Differential transfer decisions were made – Sarr & Saint-Maximin being two prime examples, and riskier (failed) captaincies in Foden and David Silva were all attempts to wander the road less traveled to make gains on the leaders.

But that road is usually less travelled for a good reason, because at the end you fall off a cliff! That is exactly what happened to me at the tail end of the season – instead of sitting happily in the top 200 with solid picks and trying to make small gains, my rank tumbled and I ended up just about clinging on to one of the paid places in 1114th position.

FPL & Fanteam Season Learnings

Even without cashing last year, it would have been a valuable season for me, because it’s helped me realise how much of a difference a more considered and less ‘punty’ approach can make.

So much so, I’m changing the way I plan and play Fantasy Premier League this season.

Transfer Hits

Through the whole of last season in FanTeam I only took 5 or 6 transfer hits, which, compared to the 21 hits I took in my FPL team, is a huge difference.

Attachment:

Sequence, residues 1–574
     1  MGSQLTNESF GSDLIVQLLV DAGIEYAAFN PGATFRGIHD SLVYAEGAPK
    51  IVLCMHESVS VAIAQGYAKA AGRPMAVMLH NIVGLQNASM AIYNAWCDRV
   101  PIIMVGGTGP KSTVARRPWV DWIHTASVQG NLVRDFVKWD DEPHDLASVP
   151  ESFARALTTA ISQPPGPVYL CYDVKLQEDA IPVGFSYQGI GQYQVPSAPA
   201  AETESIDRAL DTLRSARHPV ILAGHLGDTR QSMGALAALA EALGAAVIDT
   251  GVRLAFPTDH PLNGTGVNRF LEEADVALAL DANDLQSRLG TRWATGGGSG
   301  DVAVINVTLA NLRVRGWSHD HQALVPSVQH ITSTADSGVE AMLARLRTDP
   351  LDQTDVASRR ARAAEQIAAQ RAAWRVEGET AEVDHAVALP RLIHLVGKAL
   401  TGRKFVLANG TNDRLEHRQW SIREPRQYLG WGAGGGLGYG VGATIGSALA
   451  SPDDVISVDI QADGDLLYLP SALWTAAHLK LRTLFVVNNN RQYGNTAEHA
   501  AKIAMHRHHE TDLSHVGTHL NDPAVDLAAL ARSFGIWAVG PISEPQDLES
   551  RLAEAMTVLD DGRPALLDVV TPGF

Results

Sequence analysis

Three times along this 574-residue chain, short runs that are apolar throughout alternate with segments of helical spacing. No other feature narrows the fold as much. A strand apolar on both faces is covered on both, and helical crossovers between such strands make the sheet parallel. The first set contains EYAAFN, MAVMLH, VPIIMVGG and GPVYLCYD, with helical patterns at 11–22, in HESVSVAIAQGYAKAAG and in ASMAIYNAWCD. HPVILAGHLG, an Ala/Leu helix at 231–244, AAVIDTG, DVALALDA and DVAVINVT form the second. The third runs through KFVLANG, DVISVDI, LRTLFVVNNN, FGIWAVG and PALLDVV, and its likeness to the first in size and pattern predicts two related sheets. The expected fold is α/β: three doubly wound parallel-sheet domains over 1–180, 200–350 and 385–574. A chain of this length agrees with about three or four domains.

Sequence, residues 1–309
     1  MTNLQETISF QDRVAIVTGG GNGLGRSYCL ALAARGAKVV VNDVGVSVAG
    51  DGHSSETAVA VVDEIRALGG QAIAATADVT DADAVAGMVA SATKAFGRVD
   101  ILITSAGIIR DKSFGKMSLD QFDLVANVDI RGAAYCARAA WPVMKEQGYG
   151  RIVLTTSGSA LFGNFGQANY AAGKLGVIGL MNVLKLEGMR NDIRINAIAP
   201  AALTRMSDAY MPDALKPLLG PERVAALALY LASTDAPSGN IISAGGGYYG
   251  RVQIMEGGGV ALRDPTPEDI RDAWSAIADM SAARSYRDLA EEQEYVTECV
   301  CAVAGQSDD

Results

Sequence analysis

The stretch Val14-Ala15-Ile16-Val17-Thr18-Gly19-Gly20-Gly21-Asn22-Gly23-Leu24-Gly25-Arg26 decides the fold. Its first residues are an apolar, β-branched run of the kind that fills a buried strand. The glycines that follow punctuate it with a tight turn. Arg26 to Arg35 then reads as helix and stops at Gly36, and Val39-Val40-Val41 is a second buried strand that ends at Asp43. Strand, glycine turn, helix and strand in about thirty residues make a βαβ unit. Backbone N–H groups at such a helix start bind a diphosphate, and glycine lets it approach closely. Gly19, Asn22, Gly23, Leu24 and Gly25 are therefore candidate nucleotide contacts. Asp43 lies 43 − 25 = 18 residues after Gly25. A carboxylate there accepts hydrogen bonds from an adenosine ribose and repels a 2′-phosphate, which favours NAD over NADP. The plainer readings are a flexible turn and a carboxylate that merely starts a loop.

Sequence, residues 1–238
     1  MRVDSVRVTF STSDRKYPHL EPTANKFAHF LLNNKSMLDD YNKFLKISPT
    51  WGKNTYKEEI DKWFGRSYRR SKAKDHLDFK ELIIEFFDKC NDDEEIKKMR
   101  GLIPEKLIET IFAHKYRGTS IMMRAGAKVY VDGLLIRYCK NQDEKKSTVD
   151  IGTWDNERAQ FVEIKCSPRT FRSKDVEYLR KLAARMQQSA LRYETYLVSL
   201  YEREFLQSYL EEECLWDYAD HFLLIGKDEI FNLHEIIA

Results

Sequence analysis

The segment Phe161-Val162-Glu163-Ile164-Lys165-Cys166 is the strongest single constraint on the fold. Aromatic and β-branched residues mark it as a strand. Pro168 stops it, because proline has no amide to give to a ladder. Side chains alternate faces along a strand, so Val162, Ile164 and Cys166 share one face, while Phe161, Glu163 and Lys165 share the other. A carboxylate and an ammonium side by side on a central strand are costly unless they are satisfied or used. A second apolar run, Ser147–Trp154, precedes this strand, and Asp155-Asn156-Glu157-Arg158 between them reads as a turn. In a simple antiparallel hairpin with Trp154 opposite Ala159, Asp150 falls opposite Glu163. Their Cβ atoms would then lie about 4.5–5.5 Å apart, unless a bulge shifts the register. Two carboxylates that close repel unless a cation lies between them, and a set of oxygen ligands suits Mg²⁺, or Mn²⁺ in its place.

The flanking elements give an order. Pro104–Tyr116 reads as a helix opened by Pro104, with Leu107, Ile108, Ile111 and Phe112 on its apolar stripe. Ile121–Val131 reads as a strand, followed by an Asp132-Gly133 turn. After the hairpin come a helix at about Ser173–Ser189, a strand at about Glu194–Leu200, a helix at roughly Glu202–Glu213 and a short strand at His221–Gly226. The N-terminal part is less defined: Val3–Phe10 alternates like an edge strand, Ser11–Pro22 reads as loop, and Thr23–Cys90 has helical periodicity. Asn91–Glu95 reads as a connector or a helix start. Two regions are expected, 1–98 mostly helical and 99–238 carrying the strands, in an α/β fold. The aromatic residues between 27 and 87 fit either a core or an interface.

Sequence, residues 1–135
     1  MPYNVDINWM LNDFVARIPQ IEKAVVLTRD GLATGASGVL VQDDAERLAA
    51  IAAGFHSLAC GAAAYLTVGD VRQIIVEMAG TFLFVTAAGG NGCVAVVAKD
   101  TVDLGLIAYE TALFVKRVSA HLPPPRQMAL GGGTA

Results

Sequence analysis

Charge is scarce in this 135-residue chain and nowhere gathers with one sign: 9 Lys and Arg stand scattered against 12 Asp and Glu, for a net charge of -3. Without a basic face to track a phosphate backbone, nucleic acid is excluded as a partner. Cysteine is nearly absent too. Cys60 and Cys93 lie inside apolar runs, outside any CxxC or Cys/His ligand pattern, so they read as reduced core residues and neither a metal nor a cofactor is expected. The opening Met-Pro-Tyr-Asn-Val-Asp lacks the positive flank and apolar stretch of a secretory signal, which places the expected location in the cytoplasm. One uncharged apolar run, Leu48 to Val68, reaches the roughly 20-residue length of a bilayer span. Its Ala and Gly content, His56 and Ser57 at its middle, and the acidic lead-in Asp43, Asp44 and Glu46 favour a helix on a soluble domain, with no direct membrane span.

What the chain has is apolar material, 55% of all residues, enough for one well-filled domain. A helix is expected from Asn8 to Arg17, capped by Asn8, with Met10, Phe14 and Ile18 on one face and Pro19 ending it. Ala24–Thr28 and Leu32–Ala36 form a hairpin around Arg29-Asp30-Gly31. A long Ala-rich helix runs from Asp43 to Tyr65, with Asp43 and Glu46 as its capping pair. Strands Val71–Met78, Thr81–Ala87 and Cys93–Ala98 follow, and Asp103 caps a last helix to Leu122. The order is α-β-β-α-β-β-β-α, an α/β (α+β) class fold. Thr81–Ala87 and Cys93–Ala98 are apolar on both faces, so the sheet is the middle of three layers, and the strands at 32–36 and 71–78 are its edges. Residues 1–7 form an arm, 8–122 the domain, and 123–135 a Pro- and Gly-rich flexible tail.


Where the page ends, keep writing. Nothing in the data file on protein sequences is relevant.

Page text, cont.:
I was more patient with transfers and mostly stuck to a solid captaincy pick for most weeks, until the end of the season when I made the decision to get aggressive and really go for it.

While I rushed in to far less transfers in FanTeam, the fact that you don’t lose any value a player has gained when you transfer them out, also means it becomes easier to get rid of a player who is not doing well for you, without the concern of any accrued price increase being flushed away.

Chips & Wildcards